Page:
Texas Leader In Renewable Energy


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Texas led the country in new renewable energy projects last year.

The State of Texas led the United States in building new renewable energy projects, according to a report released by the American Clean Power Association, continuing a trend in a state that’s largely dependent on planet-warming fossil fuels. A total of 7,352 megawatts of new wind, solar and energy installation projects in 2021 were installed in Texas, significantly outpacing California, which installed 2,697 megawatts of storage projects. Oklahoma, Florida and New Mexico were the other top producing states. Texas also surpassed other states in the amount of storage it has under construction or in advanced development, reaching nearly 20,000 megawatts, followed by California at nearly 14,000 megawatts.


Texas is experiencing a rise in renewable energy deployment not necessarily due to concerns over human-caused climate change, but rather because of the low costs of renewable energy sources like solar and wind development. Republicans for decades have overseen the the energy sector in Texas, which still ranks 10th in the country for fossil fuel consumption, as nearly 90% of its energy is derived from fossil fuels and only about 7% derived from renewable sources.

Texas has avoided federal regulation by establishing its own power grid that’s nearly cut off from the rest of the country. During a winter storm in 2021, the system collapsed amid a surge in demand and frozen utility plants, which then increased energy prices and triggered the state’s worst blackouts in decades. During the state’s grid failure, Gov. Greg Abbott, along with other conservative state leaders, falsely blamed the outages on renewable energy sources like wind and solar. However, most of the outages stemmed from problems with limited natural gas production and frozen supplies at natural gas, coal and nuclear facilities, and not from solar and wind failures.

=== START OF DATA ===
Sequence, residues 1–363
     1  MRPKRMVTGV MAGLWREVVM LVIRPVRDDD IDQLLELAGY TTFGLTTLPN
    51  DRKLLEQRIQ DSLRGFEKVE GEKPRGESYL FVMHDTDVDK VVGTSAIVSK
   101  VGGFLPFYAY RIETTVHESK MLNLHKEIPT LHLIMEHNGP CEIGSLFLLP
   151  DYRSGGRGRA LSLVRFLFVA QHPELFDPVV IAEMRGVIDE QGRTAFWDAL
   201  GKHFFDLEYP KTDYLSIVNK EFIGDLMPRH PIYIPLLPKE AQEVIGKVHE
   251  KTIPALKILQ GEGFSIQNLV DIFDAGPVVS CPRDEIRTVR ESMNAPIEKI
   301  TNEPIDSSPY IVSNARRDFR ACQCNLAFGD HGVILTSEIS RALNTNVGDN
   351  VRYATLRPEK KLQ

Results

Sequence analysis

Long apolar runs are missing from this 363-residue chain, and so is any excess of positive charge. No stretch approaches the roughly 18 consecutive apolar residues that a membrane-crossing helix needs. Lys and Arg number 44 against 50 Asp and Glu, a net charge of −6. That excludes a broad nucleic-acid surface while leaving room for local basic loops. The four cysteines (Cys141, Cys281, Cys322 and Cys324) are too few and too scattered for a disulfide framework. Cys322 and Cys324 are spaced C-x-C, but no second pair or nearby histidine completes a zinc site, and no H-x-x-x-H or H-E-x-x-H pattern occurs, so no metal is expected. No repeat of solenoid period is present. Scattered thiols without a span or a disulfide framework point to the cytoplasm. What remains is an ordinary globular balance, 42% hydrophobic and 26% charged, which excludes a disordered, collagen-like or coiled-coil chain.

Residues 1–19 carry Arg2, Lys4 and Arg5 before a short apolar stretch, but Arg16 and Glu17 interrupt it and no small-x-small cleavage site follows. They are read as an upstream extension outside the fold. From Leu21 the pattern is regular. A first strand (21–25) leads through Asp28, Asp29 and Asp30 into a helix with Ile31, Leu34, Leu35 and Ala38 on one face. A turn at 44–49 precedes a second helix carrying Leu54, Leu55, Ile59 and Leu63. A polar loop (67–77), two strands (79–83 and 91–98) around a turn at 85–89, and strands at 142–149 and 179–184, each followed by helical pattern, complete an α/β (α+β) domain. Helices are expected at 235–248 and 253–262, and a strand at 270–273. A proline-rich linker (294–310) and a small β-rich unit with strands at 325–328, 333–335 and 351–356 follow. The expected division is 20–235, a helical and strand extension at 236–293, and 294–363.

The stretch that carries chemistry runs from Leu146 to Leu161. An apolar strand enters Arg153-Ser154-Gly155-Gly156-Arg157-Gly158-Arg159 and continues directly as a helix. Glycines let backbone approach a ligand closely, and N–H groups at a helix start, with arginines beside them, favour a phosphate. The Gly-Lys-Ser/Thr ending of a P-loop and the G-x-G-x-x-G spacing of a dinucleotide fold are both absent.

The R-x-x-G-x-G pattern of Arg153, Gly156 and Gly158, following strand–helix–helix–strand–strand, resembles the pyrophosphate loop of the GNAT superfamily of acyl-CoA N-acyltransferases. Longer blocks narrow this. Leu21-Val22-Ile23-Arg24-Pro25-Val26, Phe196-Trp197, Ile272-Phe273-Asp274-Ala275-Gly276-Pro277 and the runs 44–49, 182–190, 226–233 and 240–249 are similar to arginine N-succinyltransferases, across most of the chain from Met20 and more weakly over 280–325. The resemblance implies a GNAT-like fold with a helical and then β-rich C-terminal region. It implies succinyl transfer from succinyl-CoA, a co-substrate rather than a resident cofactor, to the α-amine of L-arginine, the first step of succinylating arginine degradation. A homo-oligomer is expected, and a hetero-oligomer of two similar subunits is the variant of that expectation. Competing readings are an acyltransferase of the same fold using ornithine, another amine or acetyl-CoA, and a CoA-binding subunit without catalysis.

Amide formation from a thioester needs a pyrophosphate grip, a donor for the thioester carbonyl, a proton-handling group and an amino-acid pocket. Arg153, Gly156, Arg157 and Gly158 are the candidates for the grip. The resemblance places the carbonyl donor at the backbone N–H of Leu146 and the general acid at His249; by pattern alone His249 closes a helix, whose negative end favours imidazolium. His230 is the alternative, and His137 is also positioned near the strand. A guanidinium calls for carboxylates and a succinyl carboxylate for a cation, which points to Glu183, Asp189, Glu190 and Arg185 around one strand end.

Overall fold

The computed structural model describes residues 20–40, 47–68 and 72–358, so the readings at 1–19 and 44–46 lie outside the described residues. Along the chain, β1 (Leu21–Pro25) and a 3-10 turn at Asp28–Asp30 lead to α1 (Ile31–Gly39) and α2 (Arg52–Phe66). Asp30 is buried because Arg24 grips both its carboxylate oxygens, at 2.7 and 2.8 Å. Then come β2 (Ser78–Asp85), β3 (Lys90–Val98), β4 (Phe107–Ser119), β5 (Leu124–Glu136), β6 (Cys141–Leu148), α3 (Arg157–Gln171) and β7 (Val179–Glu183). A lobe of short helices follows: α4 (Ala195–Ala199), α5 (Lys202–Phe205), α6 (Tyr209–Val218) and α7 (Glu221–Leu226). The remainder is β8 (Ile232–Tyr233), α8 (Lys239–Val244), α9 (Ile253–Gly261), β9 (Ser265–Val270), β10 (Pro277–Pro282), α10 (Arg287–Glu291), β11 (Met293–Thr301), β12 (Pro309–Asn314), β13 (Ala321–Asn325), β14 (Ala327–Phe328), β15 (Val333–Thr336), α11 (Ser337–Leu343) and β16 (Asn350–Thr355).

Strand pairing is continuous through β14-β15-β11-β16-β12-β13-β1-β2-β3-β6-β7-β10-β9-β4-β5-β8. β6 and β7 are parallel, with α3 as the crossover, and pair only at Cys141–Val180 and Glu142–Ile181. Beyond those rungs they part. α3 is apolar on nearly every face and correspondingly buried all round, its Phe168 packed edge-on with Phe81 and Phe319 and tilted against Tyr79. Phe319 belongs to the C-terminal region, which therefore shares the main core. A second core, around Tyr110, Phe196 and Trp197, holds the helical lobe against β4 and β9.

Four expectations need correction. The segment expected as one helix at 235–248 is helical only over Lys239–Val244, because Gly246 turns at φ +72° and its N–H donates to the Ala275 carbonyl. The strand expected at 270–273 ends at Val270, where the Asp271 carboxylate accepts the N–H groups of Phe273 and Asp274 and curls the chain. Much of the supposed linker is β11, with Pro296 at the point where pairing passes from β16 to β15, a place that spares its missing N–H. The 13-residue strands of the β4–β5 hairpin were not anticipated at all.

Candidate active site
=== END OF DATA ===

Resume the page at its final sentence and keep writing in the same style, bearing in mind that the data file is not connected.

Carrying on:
2021 was a record year for clean energy procurement, with 28 GW of power purchase agreements (PPAs) signed in 2021. For perspective, 28 GW of clean energy exceeds the electricity demand of the entire U.S. federal government.

Growth for clean energy is due to several factors, including strong continued demand from consumers. Corporate buyers surpassed utilities in clean energy procurement for the first time, announcing deals totaling over 14 GW in 2021. Utilities signed contracts for over 10 GW of wind, solar, and battery storage.

During the fourth quarter, corporate customers signed onto 1,871 MW of power purchase agreements. Pfizer was the top corporate offtaker during the quarter with 310 MW announced, followed by Meta Platforms (Facebook) with 285 MW, and PepsiCo announcing 72.5 MW.

Utilities made up 35 percent of the announced PPA capacity during the quarter, with 19 utilities signing contracts representing a total capacity of 1,994 MW. The 2021 fourth quarter utility PPA announcements were led by Public Service Company of Colorado (350 MW), Entergy Louisiana (250 MW), and Consumers Energy (225 MW).

Solar was the dominant technology for utility PPA announcements, accounting for over 70 percent of the new capacity announced.

Despite record demand, power purchase agreement prices for future projects increased nearly 6 percent in the quarter, with supply chain constraints, commodity price increases, expiring tax credits and trade barriers all weighing on project economics. Solar PPA prices increased 5.7 percent, while wind prices increased 6.1 percent. According to market data year-over-year, the average overall PPA price increased by 15.7 percent.

Despite some of these increases, renewable energy is one of the most affordable ways to generate electricity and reduce carbon pollution. Clean energy technology has improved dramatically over the past decade with solar costs down 90 percent since 2009 and wind costs down 70 percent.

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